A world traveling cynical gypsy woman, an old previously-car-sick dog who has now traipsed all over the country and who just simply and unexpectedly showed up on my doorstep one day many years ago abandoned by her previous low-life owner, and a medically retired cop who is at the same time the hardest and most gentle man I have ever known.
Families come in all shapes and sizes and I am very glad we all somehow found each other.................
While LC stayed on the rock at the top of the embankment I walked down to the river with Jamie so that she could drink and play.
As usual she wanted to bite at the waves, and she playfully and happily danced around the edges of the white water along the shore doing just that.
I pulled the slack out of her leash as she tentatively delved into the fast moving water knowing that she very much wanted to bite at the waves further into the river.
I watched her closely ready to pull her back if she accidentally stepped into a hole and got in over her head.
She makes me laugh when she eagerly snaps at the waves.
Somehow the years disappear from her and as I watch I can actually see her become a young dog again.
My son Chris desperately wanted to keep her right from the get-go.
My dog loving son who one day while still living in Canada, and while he was still a little boy brought home a small dog he had found, begging and crying that he wanted to keep it.
We fed it bologna and water that night because it was all we had and then the next day found its owner.
We finally adopted a dog when we moved down to Tennessee.
A promise I had made and reluctantly kept when we moved.
As I walked into the Humane Society I remember thinking how much I did not want a dog.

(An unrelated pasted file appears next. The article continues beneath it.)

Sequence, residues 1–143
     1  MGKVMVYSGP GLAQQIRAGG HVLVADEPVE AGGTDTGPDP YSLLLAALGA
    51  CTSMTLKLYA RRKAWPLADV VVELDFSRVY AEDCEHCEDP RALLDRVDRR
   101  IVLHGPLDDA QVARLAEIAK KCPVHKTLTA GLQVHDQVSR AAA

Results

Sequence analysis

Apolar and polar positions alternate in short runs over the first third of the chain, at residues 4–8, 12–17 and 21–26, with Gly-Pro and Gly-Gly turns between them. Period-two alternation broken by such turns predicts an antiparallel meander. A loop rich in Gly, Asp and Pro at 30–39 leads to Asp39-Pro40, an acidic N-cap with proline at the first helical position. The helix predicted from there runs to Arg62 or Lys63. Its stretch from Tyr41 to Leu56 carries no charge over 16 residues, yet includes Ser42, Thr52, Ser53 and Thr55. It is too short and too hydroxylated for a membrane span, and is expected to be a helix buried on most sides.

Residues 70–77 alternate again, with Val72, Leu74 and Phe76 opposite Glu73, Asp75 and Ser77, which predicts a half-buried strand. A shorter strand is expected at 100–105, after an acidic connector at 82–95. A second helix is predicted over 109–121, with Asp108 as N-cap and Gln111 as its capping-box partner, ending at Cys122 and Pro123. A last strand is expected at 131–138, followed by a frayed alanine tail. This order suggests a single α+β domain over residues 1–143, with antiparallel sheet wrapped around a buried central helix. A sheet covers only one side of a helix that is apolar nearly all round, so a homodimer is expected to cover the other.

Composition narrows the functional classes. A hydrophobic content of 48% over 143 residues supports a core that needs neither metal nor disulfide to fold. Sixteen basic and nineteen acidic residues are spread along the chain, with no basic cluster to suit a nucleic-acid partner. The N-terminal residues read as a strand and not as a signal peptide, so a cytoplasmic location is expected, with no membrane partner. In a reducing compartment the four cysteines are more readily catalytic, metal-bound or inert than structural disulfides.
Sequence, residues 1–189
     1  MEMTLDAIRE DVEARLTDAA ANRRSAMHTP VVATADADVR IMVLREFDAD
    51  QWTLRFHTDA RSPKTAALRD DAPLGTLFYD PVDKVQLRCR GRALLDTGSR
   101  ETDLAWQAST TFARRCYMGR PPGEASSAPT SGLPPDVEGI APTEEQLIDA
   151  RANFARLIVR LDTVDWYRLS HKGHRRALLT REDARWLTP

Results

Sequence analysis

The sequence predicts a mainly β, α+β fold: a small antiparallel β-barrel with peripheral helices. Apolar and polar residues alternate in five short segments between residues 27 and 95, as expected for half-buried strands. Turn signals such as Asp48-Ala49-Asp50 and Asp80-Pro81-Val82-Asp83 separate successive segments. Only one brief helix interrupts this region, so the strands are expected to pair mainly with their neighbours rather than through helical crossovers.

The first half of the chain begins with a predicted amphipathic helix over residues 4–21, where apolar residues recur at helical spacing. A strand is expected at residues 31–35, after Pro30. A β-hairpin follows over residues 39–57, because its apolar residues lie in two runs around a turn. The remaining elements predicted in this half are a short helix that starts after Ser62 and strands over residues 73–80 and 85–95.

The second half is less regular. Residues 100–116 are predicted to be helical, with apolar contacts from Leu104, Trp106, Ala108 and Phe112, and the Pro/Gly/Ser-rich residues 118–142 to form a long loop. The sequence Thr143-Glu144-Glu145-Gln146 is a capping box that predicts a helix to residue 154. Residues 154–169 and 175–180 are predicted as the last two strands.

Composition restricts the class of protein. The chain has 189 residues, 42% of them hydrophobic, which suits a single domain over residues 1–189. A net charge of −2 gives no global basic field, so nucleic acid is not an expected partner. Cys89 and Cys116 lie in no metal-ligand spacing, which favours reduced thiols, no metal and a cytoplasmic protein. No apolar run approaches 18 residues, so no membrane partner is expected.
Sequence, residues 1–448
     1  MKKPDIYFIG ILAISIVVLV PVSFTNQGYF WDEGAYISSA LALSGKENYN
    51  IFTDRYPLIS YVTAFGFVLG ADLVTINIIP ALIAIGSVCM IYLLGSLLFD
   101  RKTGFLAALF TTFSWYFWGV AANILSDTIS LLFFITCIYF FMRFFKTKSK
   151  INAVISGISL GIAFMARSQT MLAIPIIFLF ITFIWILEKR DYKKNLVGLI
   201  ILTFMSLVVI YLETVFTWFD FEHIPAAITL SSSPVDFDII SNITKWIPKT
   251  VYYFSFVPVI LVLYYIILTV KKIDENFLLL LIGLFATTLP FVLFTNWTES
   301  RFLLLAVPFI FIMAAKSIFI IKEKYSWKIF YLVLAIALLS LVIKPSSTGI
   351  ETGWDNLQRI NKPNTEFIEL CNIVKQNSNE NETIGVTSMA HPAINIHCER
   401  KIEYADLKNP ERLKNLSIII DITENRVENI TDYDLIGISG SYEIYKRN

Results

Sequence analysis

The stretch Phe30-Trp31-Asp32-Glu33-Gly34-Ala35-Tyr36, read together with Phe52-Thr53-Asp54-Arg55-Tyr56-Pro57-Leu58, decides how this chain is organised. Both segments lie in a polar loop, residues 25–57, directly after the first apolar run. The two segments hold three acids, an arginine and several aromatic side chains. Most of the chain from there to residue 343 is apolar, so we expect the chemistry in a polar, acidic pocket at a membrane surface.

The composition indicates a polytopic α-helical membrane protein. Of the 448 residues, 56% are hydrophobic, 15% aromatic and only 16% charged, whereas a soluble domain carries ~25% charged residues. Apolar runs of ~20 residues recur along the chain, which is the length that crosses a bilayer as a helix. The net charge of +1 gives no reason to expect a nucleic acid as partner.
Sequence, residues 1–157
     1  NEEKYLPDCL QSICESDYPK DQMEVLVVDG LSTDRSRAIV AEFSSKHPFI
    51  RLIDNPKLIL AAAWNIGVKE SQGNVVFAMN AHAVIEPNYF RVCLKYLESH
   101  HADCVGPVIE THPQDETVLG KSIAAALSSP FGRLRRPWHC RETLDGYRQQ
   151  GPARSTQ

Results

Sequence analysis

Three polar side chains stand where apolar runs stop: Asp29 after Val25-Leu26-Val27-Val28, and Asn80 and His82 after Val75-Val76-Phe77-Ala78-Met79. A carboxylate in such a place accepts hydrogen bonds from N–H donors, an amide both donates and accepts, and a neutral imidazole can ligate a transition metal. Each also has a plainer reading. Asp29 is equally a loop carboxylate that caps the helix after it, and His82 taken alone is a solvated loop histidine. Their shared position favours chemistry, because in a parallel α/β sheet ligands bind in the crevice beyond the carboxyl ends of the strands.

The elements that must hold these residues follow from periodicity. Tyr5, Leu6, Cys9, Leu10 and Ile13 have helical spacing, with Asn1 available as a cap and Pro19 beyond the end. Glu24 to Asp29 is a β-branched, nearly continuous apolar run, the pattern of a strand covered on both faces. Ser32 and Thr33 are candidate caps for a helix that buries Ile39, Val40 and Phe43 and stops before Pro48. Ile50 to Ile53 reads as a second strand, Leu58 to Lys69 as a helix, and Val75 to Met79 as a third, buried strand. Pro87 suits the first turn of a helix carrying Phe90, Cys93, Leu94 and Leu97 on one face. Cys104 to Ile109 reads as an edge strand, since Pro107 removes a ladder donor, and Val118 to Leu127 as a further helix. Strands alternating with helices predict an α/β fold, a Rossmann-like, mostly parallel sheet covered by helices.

That dog quickly wormed her way into our hearts but she was always Chris' dog, and then a year later Jamie showed up...................
After sitting by the water for a long time we continued further down the dirt trail that eventually leads up into the mountains.
The river got bigger as we wandered, crashing violently against the rocks.......
During a race in Virginia all teams started the race with a guided raft paddle on Class IV and V rapids.
The guide knew every inch of that river, confidently barked instructions to the team and directed us through the wild rapids without a problem.
I first kayaked on flat water at a lake in Tennessee.
Twice on flat water learning how to control the boat and wet exit practice and we were off to the Hiawassee River to paddle on moving water.
Only when we arrived at the Hiawassee a few weeks later the water level was too low and we headed to the Nantahala in North Carolina.
It was only Class II but for the first twenty minutes the shock of fast moving water was a.......shock.
Even in Summer I was wearing so many clothes to protect from the cold water I could hardly move.
But by the end of the day Class II didn't seem like such a challenge and I had had a few chances to try out my newly minted wet exit skills..................
Looking back the way we had come............
There is no rushing a river. When you go there, you go at the pace of the water and that pace ties you into a flow that is older than life on this planet. Acceptance of that pace, even for a day, changes us, reminds us of other rhythms beyond the sound of our own heartbeats...........Jeff Rennicke, River Days: Travel on Western Rivers